Discounting “no” – When someone ignores or refuses to accept the word “no”, they are refusing to give up control or attempting to gain control over you. [3-5/7-8] If you give in to him discounting your “no” answer, then you have just given him all the control. He will especially feel a sense of control if the “no” grows weaker as you refuse then eventually cave in. [3-5/7-8] Also, do not negotiate, this leaves room for possibilities. [3-5/7-8] Instead, clearly and confidently exclaim “no.” It could be something as simple as “I do not want you to help me” while holding an assertive posture. Do not be afraid to be rude. Your attacker is hoping that you will cave in and follow social conditioning.

Unsolicited promise – Promise is defined as “a declaration that one will do or refrain from doing something specified.” [6] By definition, it is simply a statement. It neither implies, nor states, any compensation for not keeping the promise. Promises only serve as a way for someone to convince you of something with only their words. [3-5/7-8] You should always stand your ground when you feel uncomfortable, as there is always a reason for it. Do not give in, because you were promised that he would/would not do something.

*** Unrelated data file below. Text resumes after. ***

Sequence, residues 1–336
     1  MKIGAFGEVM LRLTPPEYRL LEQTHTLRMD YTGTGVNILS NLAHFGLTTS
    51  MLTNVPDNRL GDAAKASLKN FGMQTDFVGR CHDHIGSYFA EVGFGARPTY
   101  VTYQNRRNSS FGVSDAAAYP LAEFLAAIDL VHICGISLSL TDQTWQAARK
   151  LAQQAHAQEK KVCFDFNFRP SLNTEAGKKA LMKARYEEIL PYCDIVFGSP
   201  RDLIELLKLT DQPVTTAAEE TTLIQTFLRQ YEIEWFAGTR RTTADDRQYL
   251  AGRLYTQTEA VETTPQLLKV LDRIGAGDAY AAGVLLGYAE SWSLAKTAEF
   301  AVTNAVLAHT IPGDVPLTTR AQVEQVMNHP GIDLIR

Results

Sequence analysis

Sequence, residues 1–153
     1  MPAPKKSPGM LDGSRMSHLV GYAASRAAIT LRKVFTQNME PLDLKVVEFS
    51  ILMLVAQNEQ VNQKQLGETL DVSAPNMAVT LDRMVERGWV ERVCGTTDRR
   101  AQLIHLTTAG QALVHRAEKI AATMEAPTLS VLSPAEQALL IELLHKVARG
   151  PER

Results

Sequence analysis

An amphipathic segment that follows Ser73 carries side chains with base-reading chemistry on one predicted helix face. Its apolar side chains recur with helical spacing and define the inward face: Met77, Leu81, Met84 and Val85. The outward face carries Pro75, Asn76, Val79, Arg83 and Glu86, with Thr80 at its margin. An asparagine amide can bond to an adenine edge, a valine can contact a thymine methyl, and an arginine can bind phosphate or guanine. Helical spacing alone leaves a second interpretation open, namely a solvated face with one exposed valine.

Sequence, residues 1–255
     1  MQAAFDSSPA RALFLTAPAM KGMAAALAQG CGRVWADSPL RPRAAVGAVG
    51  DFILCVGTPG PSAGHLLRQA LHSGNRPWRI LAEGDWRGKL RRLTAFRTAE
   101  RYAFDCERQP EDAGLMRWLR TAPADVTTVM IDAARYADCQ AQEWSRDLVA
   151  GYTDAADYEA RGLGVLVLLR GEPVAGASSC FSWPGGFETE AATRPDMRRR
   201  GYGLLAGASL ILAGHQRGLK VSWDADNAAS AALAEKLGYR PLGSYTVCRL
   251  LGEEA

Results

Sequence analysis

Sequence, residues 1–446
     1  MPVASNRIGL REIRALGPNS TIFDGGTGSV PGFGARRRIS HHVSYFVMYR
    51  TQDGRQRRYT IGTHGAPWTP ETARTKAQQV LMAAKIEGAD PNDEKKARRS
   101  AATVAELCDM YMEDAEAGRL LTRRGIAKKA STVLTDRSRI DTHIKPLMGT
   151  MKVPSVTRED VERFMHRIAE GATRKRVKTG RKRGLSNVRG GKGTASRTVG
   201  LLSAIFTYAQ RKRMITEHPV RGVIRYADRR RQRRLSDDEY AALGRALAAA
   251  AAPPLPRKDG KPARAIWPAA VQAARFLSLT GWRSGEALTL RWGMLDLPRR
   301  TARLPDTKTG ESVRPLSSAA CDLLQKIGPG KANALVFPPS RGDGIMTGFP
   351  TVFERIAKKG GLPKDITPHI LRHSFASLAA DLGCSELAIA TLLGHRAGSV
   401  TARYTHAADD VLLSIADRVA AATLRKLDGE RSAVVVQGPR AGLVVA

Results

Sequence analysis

Typecasting – This attacks the targets identity or how the target views herself with a slight insult that is easily disproved. For example, “You aren’t informed enough for this conversation.” This is a small insult that is easily proved wrong but that isn’t what the attacker cares about. The attacker is looking for the response. If you respond, you may win the argument, but you open yourself up for a greater loss. Your response to the accusation is to simply ignore it. [3-5/7-8]

Let’s look at a few examples including one that goes badly and one that goes well.

Example 1: